If we had to give a one word answer, it would be Jesus. We see in the life of Jesus something remarkably transparent and compelling, and if you’re prepared to accept, at least as an hypothesis, Christianity – I’m not trying to convince you that Christianity is true- I’d love to be able to do that – but my more modest goal is to convince you that it is reasonable. And if you start from that hypothesis, if you will, then a lot of strange things about the world seem to make a lot of sense. But I think to give an exhaustive list of all the reasons why we might want to believe in God would take us a very long time, quite of lot of it is discussed in the book in some depth, and there are plenty of references.

John Polkinghorne: I think the order of the world and its fruitful history suggests there might be a divine mind and purpose behind it. That doesn’t tell us what God is like: if we are going to learn more about God, God will have to make God’s nature known in some way. And I do believe the strange, mysterious, exciting, and I think true, Christian belief that God has acted he most accessible way to make the divine nature known through living a human life in Jesus Christ. That would take a long time to justify, and in this book and others I try to do my little bit.

Geoffrey Raisman: So you think only Christian belief points to the existence of God?

John Polkinghorne: No certainly not, of course not.

Eric Priest: I think the old idea that you can try and prove God is not popular these days. I myself don’t think there are any knock-down proofs of God, and as a scientist, I often ask myself: is this theory – I can’t prove that a theory is correct, as an explanation for the physical world, I can disprove it if there are facts that contradict it, but what I can say is, I can ask the question whether that theory is consistent with my experience of the physical world. And in the same way, as a Christian, it seems to me that, for me personally, the existence of God is consistent with my experience, my experience as a person, my experience in the community and so on. And I wouldn’t want to go beyond that.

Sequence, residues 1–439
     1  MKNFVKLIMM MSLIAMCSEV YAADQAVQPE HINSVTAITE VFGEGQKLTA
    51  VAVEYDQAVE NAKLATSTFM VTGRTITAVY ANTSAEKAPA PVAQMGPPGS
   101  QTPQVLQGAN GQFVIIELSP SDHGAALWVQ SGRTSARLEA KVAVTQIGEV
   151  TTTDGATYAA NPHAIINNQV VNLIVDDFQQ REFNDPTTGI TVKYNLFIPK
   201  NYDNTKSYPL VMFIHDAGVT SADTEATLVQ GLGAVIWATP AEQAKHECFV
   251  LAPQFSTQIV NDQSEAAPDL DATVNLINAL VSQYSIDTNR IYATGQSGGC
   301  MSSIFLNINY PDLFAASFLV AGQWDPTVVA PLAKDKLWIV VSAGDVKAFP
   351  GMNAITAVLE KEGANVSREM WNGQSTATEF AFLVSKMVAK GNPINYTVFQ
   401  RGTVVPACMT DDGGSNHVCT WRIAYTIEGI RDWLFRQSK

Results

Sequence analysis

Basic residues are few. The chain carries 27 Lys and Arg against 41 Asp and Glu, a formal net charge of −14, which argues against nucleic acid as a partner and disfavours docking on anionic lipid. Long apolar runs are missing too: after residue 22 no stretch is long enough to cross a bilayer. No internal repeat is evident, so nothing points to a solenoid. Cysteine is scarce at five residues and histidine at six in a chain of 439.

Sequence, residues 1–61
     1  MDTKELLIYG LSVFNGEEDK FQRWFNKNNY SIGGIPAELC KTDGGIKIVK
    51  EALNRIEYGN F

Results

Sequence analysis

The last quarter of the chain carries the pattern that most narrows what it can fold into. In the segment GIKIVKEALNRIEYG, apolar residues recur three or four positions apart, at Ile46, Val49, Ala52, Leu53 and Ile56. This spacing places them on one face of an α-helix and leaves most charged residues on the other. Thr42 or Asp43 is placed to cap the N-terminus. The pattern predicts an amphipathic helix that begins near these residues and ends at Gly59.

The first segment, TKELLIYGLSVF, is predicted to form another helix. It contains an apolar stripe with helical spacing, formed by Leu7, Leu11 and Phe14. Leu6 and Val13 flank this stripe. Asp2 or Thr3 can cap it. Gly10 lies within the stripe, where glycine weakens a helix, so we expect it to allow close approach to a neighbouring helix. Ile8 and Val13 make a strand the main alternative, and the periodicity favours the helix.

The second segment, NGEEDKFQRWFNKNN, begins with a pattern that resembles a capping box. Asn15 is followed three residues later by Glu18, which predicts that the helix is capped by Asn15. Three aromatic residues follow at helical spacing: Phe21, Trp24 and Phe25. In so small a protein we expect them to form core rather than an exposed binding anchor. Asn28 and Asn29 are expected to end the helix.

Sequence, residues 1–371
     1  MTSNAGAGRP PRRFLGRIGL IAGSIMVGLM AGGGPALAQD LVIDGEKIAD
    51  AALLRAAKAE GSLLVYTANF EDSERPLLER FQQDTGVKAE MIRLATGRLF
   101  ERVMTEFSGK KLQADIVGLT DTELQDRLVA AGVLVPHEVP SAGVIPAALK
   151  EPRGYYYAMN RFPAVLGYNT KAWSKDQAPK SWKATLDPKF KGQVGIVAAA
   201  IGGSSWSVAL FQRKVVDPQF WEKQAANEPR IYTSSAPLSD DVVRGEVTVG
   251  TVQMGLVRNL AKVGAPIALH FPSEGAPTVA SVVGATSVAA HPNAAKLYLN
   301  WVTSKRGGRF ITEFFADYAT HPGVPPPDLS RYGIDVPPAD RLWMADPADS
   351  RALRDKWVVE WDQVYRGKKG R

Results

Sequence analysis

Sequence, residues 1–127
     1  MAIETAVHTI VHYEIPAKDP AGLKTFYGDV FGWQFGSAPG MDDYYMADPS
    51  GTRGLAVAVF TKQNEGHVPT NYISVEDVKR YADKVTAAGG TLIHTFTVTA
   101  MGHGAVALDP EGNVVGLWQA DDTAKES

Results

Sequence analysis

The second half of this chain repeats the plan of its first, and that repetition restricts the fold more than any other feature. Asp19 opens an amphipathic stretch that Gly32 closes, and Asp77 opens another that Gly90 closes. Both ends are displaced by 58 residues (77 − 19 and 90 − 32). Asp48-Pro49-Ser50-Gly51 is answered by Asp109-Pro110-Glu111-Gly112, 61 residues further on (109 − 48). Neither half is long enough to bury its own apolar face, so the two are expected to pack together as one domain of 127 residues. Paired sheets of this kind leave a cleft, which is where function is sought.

As to whether I believe in the Christian God or the God of Islam, or the God of the Jews, that was a question that was asked at one of our public lectures. We actually had a Muslim come along and talk about Islam and Science, and what I’ve been doing with each of the lecturers is to take them into the local high school, and often they get the best questions actually from the schoolchildren. And one of the questions was “how do you know that Islam is better than Christianity” And his reply was : “ I don’t. I happen to be a Muslim, but we’re sister religions, we all believe in the same God, we’re on a mountain, we’re climbing up a mountain along different paths, and I think we’ll probably meet at the top”.

“a refreshing contrast to the polemic and misinformation that have characterized much of the writing in this area” William Phillips

“Richly nuanced responses … simply a fantastic resource” Francis Collins

“Wonderfully accessible, informative and authoritative.” Alister McGrath

“an important contribution” Martin Nowak

“this matters to every man and every woman” Onora O’Neill

“of universal interest. Many readers will welcome this accessible format” Publishers Weekly

“antidote to Richard Dawkins … intriguing … a thought-provoking work” Library Journal

“deals eloquently with many of the issues…in the science-religion debate.” Times H. E.

“commendably clear…those who would most benefit from reading it are… atheists who believe that the religious are manifestly irrational” FT.

“remarkably even-handed …lucid explanations … a valuable lesson” Physics World

“rich…digestible..intriguing” Church Times

“evokes the shimmering beauty of a stained glass window … will repay rereading and rereading” Living Church.

One Erratum has been found in Appendix A – see here.

The new Polkinghorne Q&A website is now here.